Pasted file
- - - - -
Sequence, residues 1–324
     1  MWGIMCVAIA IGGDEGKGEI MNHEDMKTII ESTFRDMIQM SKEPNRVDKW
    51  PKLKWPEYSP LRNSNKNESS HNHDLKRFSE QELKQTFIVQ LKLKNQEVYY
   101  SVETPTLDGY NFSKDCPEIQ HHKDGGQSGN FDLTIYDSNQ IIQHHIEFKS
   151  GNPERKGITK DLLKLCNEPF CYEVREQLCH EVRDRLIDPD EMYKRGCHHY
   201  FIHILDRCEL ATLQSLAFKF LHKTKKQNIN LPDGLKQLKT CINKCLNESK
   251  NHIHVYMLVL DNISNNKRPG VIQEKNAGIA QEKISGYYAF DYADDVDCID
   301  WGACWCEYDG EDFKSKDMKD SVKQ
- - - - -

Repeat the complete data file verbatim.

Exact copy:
Sequence, residues 1–324
     1  MWGIMCVAIA IGGDEGKGEI MNHEDMKTII ESTFRDMIQM SKEPNRVDKW
    51  PKLKWPEYSP LRNSNKNESS HNHDLKRFSE QELKQTFIVQ LKLKNQEVYY
   101  SVETPTLDGY NFSKDCPEIQ HHKDGGQSGN FDLTIYDSNQ IIQHHIEFKS
   151  GNPERKGITK DLLKLCNEPF CYEVREQLCH EVRDRLIDPD EMYKRGCHHY
   201  FIHILDRCEL ATLQSLAFKF LHKTKKQNIN LPDGLKQLKT CINKCLNESK
   251  NHIHVYMLVL DNISNNKRPG VIQEKNAGIA QEKISGYYAF DYADDVDCID
   301  WGACWCEYDG EDFKSKDMKD SVKQ